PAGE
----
"There was nowhere for these tenants to go, literally nowhere in the City of Montreal. They were in crisis," he says.

Cohen and the residents marched on Montreal's city hall to demand that the walk-ups be spared from the wrecking ball.

At the same time, he spotted an ad in the Montreal Gazette inviting community groups interested in forming non-profit housing co-operatives to contact the Canada Mortgage and Housing Corp. The groups would buy apartment buildings and turn them into co-ops — some subsidized and some not.

Canada's co-op movement was just getting started at the time and the National Housing Act had been amended to facilitate such organizations.

Cohen made the preliminary calls and his group was given more than $6,000 by CMHC to undertake a feasibility study on creating a co-op. Architects were retained to determine if the buildings could be saved. Accountants were hired to crunch the numbers.

In the end, Cohen was successful in helping create the Cote Ste. Luc Housing Co-operative, which continues to thrive today.

"It's a wonderful community and a lot of the people we worked with back then are still living there today. It was a wonderful success story," he says.

"It was my introduction to the world of affordable housing and what it means to be a tenant, getting an eviction notice when there's nowhere else in the city you can live. I learned a lot about rehab of housing, restoration, renovation, how to do all that," he says.

Cohen moved to Toronto in 1979, landing a job with the Co-operative Housing Federation of Toronto. He worked as a managing consultant, helping organize and manage co-ops. Within two weeks of his arrival at the CHFT, its director of development took ill and Cohen was parachuted into that job.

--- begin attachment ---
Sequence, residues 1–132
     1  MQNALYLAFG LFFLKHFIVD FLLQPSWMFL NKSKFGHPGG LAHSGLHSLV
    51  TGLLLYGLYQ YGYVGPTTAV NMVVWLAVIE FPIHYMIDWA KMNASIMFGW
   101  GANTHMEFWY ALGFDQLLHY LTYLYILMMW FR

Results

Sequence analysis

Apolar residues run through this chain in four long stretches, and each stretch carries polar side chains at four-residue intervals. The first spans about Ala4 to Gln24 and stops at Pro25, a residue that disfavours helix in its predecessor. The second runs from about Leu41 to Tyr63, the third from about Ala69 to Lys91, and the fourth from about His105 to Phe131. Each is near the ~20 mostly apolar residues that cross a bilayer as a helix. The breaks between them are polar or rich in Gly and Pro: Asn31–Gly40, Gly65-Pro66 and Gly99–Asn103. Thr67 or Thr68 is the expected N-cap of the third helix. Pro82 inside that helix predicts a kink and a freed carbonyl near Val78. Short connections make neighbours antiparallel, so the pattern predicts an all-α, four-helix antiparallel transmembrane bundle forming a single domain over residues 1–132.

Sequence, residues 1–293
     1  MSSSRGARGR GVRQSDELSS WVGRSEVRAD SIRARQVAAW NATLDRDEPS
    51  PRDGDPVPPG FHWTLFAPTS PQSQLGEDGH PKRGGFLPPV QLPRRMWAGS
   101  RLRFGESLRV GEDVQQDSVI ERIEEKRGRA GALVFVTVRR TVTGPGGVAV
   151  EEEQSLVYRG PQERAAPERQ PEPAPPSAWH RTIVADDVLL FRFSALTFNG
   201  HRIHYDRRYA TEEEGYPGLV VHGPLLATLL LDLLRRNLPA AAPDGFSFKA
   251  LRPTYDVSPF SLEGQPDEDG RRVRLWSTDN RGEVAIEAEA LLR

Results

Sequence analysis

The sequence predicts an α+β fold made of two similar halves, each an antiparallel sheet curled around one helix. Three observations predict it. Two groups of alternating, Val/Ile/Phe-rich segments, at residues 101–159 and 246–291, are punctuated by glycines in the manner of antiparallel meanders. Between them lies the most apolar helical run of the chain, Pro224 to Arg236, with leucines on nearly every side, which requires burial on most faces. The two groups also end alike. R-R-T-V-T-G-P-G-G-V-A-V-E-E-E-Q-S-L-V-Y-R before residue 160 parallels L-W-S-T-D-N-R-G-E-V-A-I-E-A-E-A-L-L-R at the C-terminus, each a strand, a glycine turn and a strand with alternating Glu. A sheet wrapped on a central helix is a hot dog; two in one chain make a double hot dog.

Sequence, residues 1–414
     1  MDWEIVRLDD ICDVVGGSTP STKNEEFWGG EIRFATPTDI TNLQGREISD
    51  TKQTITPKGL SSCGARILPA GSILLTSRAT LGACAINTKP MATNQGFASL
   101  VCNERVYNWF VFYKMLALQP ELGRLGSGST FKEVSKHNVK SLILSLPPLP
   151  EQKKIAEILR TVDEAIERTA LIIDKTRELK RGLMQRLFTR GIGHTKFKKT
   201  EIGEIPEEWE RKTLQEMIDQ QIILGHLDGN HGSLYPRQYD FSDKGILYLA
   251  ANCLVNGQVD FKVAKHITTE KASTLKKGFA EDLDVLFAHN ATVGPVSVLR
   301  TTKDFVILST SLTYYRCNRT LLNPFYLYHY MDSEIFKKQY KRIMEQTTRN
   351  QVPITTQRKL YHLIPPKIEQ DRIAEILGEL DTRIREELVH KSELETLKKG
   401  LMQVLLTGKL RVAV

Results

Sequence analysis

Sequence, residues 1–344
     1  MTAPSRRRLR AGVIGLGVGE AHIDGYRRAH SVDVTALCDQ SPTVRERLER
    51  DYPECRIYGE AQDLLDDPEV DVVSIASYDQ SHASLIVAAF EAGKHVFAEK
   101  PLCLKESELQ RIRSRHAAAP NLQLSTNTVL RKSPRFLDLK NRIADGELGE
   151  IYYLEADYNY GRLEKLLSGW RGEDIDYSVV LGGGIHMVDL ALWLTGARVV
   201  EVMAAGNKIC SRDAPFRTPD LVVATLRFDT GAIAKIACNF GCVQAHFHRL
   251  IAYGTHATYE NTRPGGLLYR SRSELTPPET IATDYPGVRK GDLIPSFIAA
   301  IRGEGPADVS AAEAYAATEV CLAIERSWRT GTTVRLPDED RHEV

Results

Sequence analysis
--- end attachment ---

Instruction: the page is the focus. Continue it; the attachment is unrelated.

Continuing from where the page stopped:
"That's how I segued into the development side," he explains.

Now, Cohen found himself negotiating deals with developers and builders, and ultimately looking for opportunities to build more co-ops. Many notable co-ops were built in Toronto in those days, including those in the St. Lawrence neighbourhood and in the Bathurst Quay.

But, in what was to become a theme in Cohen's career, a change in government led to a change in his work. The election of the Brian Mulroney Conservatives in 1984 saw the cancellation of national affordable housing programs.

"It came to a screeching halt ... There was nothing like that available anymore," says Cohen, who found himself unemployed.

Searching for a job, he hit up his contacts in the development industry. He phoned John "Jack" Daniels, former chair of Cadillac Fairview, who had just started up another development firm, the Daniels Group.

Cohen would become Daniels' first employee, letting it be known that his foray into the world of private development was conditional.

"I wanted to do it only if we could have an agreement that if there was an opportunity for us, as a private-sector company, to be involved in the development of affordable housing ... I wanted us to be able to use our resources to do that," he says. "Jack's response, without pausing, was `Absolutely.' That was an incredible response. Not everyone would have done that."

One of the first projects Cohen undertook for Daniels was an energy-efficient condominium in Erin Mills.

"I didn't even know what a condominium was," he admits. "I knew co-ops, but I didn't know condominiums."

He oversaw the development of the first Canadian community that complied with the new, environmentally stringent R2000 standards.

"I decided that one of the ways we could stand out from the rest of the competition in the market was to embrace this energy standard," he explains.